Duterte said he has given the country’s environment secretary six months to fix up the mess on Boracay island, which he said was overdeveloped and had become a “disaster,” citing piles of uncollected garbage just 20-25 metres from the beach and sewage flowing into the sea.

Mount Everest, Nepal

A Nepalese sherpa collecting garbage, left by climbers, at an altitude of 8,000 metres during the Everest clean-up expedition at Mount Everest.

NAMGYAL SHERPA/AFP/Getty Images

Hundreds of tourists flock to Mount Everest every year in hopes of conquering the mountain. But the amount of people has also had a huge impact on the fragile environment. This is because climbers take oxygen bottles, food, plastic, and other products with them, and sometimes left those items behind.

READ MORE: Record number of Mount Everest climbers prompts safety concerns 

It is a rule that mountaineers are required to bring back the waste they generate on they climb, but every year local guide still gathers hundreds of kilograms of garbage, according to the BBC.

Galápagos Islands, Ecuador

The Galápagos Islands is a province of Ecuador, lying about 1,000 km off its coast.

Ralph Paprzycki/REX Shutterstock.

The Galápagos Islands, made famous for its huge number of unique species, has seen a huge increase in the number of visitors over the past few decades, making tourism a large source of income for Ecuador.

READ MORE: Statue of Liberty, Easter Island among World Heritage sites threatened by climate change

However, the growth in tourism has had an undeniable impact on the islands. For example, scientists discovered that a mosquito, which carries avian malaria and threatens the ecosystem of the islands, was being brought in by tourists.

“Few tourists realize the irony that their trip to the Galápagos is putting a strain on the very unspoiled beauty they are there to see,” Tom Hall of the travel guide Lonely Planet told the Guardian.

Dubrovnik, Croatia

The port of Dubrovnik on Croatia’s Adriatic coast, a country whose workers are taking advantage of the youth exchange program to Canada.

ELVIS BARUKCIC/AFP/Getty Images

Dubrovnik, Croatia, has been brought to the spotlight thanks to Game of Thrones. The city serves as the setting of King’s Landing, causing hoards of tourists to flock there every year.

Although the tourist boom has been great for the country’s economy, it has also caused overcrowding (in what is being called cruise ship tourism) and UNESCO is threatening to take away its World Heritage status.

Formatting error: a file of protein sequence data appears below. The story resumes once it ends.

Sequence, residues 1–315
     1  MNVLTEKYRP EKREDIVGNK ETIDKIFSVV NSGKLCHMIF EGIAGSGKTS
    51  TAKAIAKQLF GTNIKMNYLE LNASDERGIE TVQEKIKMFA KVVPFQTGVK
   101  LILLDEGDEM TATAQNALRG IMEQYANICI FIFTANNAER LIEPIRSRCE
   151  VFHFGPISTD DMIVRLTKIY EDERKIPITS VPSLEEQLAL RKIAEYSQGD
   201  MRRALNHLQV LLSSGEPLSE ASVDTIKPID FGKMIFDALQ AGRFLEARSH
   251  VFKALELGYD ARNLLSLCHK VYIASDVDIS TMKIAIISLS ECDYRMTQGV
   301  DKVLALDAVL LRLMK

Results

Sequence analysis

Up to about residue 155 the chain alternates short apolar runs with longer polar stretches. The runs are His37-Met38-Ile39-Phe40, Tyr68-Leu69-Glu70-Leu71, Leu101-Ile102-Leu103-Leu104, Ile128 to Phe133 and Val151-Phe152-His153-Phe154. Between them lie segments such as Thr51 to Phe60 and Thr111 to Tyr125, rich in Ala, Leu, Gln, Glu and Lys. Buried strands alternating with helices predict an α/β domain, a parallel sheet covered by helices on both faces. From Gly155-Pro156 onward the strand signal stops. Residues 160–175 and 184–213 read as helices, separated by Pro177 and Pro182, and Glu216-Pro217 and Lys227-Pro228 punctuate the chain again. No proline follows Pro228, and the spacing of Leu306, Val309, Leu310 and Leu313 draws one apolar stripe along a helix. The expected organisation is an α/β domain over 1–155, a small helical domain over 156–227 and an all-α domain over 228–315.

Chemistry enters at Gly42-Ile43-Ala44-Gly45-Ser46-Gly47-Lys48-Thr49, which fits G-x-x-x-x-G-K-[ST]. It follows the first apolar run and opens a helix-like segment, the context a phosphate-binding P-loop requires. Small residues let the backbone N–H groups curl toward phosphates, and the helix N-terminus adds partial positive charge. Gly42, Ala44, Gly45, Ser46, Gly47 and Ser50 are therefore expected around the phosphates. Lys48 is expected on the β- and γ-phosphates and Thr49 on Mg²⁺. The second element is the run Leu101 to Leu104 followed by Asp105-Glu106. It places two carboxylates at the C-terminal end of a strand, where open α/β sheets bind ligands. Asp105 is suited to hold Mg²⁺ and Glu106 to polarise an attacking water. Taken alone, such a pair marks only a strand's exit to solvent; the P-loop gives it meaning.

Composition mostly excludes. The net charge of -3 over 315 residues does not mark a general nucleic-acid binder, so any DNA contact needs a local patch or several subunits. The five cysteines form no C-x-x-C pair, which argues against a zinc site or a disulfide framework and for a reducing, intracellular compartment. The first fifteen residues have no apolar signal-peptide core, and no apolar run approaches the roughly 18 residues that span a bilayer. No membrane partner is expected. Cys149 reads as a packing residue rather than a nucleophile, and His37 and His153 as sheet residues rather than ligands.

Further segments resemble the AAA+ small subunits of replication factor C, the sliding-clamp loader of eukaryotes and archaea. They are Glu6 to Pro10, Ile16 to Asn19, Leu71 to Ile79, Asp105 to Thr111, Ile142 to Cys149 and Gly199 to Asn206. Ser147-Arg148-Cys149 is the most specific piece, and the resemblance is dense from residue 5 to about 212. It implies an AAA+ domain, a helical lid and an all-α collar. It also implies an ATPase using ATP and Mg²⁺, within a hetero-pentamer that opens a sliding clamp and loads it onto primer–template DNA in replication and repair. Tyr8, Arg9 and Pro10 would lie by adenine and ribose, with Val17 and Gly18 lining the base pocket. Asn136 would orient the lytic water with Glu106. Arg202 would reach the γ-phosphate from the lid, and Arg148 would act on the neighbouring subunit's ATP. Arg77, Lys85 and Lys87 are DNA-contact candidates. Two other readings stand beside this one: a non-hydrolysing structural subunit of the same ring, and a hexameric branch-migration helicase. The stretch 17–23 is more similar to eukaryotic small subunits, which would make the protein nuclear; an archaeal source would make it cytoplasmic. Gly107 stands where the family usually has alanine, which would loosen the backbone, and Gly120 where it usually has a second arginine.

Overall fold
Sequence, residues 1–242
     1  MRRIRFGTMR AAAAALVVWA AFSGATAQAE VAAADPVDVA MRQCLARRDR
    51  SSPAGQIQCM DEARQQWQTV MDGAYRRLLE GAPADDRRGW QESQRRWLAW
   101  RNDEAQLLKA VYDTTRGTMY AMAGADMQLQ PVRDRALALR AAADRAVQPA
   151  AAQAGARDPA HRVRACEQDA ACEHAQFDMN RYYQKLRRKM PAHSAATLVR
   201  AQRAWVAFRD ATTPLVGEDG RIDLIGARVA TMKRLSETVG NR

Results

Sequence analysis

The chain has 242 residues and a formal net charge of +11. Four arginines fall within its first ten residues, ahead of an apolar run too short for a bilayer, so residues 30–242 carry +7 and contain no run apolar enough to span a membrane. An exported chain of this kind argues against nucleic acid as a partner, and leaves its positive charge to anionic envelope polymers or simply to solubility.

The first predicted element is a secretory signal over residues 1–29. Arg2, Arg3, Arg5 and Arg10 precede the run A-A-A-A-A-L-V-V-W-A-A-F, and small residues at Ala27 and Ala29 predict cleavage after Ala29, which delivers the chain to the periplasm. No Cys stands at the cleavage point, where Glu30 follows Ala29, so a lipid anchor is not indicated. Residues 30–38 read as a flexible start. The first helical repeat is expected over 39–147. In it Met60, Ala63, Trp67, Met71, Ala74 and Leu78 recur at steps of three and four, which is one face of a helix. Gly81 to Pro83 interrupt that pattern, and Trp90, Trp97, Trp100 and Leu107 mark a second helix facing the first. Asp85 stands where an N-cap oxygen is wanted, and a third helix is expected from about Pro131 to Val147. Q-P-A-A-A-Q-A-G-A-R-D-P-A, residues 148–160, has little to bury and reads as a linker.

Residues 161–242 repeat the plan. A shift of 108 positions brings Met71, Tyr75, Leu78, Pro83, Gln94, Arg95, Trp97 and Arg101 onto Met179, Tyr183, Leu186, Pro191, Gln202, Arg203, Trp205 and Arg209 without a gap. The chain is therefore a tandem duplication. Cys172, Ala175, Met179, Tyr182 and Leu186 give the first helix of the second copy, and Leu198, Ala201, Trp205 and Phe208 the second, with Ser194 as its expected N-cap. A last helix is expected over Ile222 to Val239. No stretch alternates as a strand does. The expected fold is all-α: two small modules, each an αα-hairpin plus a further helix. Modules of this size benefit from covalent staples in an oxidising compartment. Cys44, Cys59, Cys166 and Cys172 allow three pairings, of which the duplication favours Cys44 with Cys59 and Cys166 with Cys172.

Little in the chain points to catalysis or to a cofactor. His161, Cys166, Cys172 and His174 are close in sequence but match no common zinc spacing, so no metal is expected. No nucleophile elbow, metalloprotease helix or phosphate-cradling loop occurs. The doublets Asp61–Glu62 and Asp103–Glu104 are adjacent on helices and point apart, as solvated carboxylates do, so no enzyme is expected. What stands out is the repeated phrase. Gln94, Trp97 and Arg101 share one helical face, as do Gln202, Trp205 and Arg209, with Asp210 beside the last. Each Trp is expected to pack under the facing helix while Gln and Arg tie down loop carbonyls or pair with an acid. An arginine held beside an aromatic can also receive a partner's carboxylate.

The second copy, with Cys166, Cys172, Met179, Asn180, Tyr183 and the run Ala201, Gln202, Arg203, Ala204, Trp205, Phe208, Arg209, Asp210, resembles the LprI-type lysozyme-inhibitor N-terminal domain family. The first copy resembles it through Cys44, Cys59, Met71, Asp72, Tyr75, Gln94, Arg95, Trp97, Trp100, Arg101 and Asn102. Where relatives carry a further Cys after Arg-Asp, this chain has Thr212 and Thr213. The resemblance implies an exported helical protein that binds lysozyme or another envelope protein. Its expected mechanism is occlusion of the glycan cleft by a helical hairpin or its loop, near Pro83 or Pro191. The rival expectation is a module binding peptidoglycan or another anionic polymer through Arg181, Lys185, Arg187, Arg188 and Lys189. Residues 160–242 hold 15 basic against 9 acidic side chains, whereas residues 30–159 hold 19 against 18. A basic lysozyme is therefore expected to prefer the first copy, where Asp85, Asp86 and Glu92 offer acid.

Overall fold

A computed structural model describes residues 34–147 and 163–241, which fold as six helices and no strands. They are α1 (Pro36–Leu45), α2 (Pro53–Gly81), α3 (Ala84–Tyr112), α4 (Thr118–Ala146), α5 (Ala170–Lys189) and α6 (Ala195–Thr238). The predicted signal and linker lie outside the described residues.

The city is now capping the number of people and cruise ships who can visit.

Tutankhamun’s tomb, Egypt

Since the tomb of Tutankhamun was discovered in 1922, hordes of history buffs have traveled to Egypt to see the legendary young king.

READ MORE: Hidden rooms discovered in King Tut’s burial tomb

But decades of tourism started to take their toll on the tomb. Moisture from the breath of visitors started damaging the murals and walls. It became so bad that Egyptians had to temporarily close the burial chamber. His mummified body remains on display in an oxygen-free case.

Sustainable tourism

Tourtellot said there are ways to travel in a sustainable way. For example, try to support tour groups that are environmentally responsible and try to give back to the local economy.

READ MORE: Antarctica keeps attracting visitors — and it may be ‘last-chance tourism’

“Be aware of the impact you have,” he said. “If you’re traveling on a cruise ship and only spend four hours at the place and then leave, then none of your money will go to the local economy.”

He said it’s also up to governments to help educate tourists.

“People are not instructed on how to behave around coral reefs – so standing on the reef, kicking sand on it… tourists haven’t been told. It could be innocent damage, which is very common when you have uninformed people.”

WATCH: Eco-tourism on the rise in B.C.

— With files from the Associated Press

© 2018 Global News, a division of Corus Entertainment Inc.